We Came, We Saw, We Won: Watching the Raptors in Brooklyn

A couple of things. When you arrive in NY and you don’t have tickets to a game, you pay through the teeth. So only deciding the day before to hit the Barclay’s Centre for Game 4 of the Raptors-Nets first round series means that, unless you want to pay more than a first-class ticket back to Pearson, you’re going to be sitting so far up that even Valanciunas looks like a child. But hey, at least you can see him…  

So, climbing high into the darkness (seriously, the Barclay’s centre is the darkest arena we’ve ever been to), we settled in to watch our boys start off like they were on the playground playing against a bunch of fifth graders. This was the start dreams are made of. DeRozan was playing like a man possessed – hitting contested jump shots like it was just another day at the office – scorching the Nets for 20 first half points. At one point, Brooklyn’s down 17 and the fans are booing loudly – we’re just not sure at which team. 

Before the game, a Brooklyn towel has been placed across every seat. The fact that we’re not waving these widely in the air (and that we’re cheering every time the Raptors do, well, anything) makes us stand out immediately. We are not well liked. But we didn’t come here to make friends, we came for the W.

The second half is a rude awakening. The Nets had managed to close it to within seven by the end of the second quarter and they start off the third on an 8-0 run. A group behind us starts up a Toronto chant that is overwhelmed by boos within seconds. 20,000 people are suddenly cheering against us. That’s a lot of boos – it’s like they’re doing the wave with negativity. The Raps fight though. And cling. And we sit on the edge of our seat through the third, trading the lead back and forth terrified that Paul Pierce is going to show us The Truth and that we’ll never recover.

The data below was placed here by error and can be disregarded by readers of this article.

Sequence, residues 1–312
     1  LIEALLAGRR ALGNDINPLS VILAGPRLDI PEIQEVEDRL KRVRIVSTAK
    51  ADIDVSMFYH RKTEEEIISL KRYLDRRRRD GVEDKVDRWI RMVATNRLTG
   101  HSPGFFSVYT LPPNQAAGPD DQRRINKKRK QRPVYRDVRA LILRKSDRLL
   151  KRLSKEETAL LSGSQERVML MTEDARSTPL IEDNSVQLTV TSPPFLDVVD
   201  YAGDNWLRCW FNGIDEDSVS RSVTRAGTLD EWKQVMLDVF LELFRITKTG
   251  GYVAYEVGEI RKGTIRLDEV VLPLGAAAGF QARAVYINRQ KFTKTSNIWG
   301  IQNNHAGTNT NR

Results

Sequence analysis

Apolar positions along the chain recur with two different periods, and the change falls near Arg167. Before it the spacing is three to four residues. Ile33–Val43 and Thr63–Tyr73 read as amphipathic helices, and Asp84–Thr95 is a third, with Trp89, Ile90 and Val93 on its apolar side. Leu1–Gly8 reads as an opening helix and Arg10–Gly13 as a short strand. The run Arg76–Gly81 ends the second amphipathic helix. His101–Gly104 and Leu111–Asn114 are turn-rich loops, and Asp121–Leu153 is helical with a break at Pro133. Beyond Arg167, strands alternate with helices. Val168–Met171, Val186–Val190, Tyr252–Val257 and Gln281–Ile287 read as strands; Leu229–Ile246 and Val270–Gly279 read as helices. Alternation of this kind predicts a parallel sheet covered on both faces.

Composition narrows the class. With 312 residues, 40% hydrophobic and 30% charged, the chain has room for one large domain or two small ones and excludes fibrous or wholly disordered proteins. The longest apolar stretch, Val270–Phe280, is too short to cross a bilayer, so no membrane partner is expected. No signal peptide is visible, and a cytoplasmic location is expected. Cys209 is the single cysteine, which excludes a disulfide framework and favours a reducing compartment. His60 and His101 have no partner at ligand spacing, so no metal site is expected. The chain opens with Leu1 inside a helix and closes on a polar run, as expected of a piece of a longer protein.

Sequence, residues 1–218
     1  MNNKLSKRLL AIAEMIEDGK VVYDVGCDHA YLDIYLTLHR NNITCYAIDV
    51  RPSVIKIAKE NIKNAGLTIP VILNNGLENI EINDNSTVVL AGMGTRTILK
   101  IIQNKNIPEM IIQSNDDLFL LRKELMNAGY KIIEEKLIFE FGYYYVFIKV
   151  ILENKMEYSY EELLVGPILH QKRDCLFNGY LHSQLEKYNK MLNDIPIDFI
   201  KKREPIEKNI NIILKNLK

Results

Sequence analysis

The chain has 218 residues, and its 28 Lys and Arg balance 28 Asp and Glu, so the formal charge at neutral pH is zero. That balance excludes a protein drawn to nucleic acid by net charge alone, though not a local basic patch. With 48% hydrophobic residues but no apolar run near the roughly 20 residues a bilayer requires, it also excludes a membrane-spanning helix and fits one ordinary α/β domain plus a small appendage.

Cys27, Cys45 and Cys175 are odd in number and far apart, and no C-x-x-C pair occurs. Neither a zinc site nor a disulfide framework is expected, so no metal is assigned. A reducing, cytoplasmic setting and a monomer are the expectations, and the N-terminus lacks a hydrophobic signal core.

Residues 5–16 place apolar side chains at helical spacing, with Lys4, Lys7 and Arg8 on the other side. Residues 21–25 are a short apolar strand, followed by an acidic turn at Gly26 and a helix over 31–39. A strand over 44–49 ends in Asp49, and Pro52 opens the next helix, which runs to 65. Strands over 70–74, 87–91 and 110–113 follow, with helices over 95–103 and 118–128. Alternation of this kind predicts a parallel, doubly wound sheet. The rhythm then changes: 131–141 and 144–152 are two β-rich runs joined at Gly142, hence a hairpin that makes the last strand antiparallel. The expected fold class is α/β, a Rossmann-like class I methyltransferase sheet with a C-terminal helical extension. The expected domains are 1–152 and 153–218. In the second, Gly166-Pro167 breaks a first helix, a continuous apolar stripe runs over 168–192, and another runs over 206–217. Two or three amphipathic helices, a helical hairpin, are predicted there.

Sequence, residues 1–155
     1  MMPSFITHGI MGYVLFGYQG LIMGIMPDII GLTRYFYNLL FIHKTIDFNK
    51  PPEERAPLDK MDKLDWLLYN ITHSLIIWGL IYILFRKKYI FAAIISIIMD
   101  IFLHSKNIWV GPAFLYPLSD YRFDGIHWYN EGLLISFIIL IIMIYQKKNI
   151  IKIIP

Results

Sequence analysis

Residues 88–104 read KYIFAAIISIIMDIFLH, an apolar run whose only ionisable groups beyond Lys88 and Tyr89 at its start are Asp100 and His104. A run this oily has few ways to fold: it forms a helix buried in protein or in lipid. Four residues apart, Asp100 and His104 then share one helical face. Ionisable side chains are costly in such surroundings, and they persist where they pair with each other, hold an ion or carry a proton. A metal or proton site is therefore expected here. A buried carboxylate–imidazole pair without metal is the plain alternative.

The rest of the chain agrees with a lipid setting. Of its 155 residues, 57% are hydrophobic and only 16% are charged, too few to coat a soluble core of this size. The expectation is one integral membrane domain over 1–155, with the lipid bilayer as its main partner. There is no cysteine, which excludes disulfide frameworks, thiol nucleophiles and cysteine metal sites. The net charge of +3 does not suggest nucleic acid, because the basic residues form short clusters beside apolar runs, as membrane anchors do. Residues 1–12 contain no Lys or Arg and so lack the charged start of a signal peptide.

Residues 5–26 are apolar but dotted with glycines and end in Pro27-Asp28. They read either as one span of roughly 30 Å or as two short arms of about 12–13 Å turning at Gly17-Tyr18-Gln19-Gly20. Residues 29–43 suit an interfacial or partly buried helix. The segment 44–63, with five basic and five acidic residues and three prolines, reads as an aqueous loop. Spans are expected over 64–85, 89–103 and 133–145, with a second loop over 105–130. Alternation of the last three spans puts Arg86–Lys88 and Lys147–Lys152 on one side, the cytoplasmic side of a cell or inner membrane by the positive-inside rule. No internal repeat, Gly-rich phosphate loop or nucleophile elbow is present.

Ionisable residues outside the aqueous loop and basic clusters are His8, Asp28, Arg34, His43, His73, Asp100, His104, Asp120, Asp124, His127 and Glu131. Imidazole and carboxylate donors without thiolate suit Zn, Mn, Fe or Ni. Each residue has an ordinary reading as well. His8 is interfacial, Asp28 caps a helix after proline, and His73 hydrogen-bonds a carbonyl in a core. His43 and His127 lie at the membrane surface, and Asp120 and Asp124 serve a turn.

It’s hot and dark and loud but we’re not losing and nothing else matters. Our boys are simply refusing to go away. The energy is palpable, but it’s strange to be sure, because it’s the kind of energy that’s entirely against you. The Raptors continue to show their toughness though. And there’s a growing feeling that the first round is not enough for them; that simply making the playoffs isn’t something they’re going to be happy with. After all, the Nets did everything in their power to tank into 6th place so they could play the Raptors. We want to make them regret that decision.

Even when the Raptors go 1-16 to start the second half and shoot only 19% in the entire third quarter (a stretch so bad it makes a regular cold streak look like a nice option), we’re still, somehow, unbelievably, tied going into the fourth. Even when we go down 77-73 with six minutes to go and the long drowning chant of Broookkkkllllyyyynnnn starts to smother us like an ugly wet blanket. Even when Kyle Lowry, the most unforgivable all-star snub in recent years, steps back onto the court looking hobbled and half broken – there’s still hope for the Raptors in the stadium. And we watch in disbelief as Lowry puts the team on his back and channels Kareem Abdul-Jabbar (of all people) to roll a sweet right-handed skyhook over Kevin Garnett in the final stretch of the game that sees the Raptors, behind an extraordinarily suffocating defense, close out the game on a 14-2 and win their first road playoff game since 2001 (yes, 2001). 

People are angry. We’re happy. And as we walk out someone yells at us “Get out of Brooklyn.” We look back and he says, “don’t look at me, just get the hell out of Brooklyn.” It might sound funny, but we took it more as a sign of respect than anything else. He just didn’t want to see Toronto (or its fans) anymore – which means we’re being taken seriously. Which means we’re just as dangerous as we want to be.

Game 5 is Wednesday night at the ACC. And we hope we’ll be inviting Brooklyn to stay as long as they like.   

#LYNL | (Live Your Notable Life)

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